TrustMark's board approved the APL as scheme operators on 17 April 2006 but funding was only set to last two years.
APL chief executive Jason Lock said: "We are going to start to lobby Government so the funding isn't pulled straight away but happens gradually.
"It is not something you can just take money away from and expect it to run on its own."
The APL also needs to market itself better to consumers to help its members gain work, according to Lock. That marketing campaign will begin with a revamped website aimed at the consumer.
"The website doesn't really excite anyone," explained Lock, during the HTA's Landscape Business Improvement Scheme meeting.
"We want to make it much slicker and easier to understand. It has got to be aimed at the consumer, but as a member it also needs to be more interactive."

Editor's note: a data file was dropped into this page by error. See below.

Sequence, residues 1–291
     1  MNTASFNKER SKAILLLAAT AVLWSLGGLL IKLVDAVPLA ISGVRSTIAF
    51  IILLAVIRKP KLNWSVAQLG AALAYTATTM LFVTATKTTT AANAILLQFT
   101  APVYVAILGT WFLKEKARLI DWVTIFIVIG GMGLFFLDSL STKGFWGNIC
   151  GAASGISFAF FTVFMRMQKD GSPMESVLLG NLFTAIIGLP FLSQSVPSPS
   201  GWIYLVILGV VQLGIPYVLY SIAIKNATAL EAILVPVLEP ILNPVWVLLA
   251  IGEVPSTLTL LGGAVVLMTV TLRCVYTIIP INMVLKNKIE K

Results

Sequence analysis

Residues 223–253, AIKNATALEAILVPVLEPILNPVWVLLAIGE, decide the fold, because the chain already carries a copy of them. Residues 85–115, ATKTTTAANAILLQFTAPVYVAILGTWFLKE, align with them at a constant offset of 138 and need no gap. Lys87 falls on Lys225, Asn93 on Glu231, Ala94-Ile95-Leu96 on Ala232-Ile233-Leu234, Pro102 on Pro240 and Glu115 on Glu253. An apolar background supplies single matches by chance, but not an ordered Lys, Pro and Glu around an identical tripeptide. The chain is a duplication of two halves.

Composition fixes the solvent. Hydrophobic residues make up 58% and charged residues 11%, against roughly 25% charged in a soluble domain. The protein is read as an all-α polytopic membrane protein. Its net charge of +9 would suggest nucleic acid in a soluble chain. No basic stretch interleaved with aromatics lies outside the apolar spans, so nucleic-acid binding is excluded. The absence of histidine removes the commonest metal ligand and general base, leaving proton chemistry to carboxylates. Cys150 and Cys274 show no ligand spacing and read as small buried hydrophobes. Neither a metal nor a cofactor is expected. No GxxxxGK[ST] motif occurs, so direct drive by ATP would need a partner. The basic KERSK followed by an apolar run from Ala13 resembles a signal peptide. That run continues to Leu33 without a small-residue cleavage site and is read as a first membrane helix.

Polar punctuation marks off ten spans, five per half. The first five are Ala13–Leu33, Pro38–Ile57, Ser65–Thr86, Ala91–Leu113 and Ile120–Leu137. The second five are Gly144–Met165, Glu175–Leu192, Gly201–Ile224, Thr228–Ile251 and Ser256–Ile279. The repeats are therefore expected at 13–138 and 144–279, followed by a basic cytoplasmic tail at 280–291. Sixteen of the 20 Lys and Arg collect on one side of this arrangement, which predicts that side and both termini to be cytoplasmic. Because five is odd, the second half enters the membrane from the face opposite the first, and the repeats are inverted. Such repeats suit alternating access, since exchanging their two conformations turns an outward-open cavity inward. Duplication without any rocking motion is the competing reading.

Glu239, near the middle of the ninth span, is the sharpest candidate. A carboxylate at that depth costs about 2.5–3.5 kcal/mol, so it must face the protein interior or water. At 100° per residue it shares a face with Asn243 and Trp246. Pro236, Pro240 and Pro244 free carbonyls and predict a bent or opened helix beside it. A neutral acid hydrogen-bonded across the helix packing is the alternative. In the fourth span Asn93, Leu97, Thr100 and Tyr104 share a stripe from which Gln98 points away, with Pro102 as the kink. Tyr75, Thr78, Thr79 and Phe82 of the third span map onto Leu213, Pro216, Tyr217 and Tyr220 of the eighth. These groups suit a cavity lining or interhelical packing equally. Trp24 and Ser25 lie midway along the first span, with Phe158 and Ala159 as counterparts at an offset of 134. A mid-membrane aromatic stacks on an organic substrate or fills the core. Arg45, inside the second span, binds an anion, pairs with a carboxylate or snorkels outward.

Lock added that the plan was to improve the forum so that questions could be answered more easily, as well as feature downloadable, detailed drawings of projects.
A plan to increase membership would lead to more revenue and greater capacity for the APL to run more events, he said.
In addition, the APL wants to improve attendance at LBIS meetings.
"We are batting around ideas like making membership of the LBIS compulsory in the first year of joining the APL because there is so much people can learn," revealed Lock.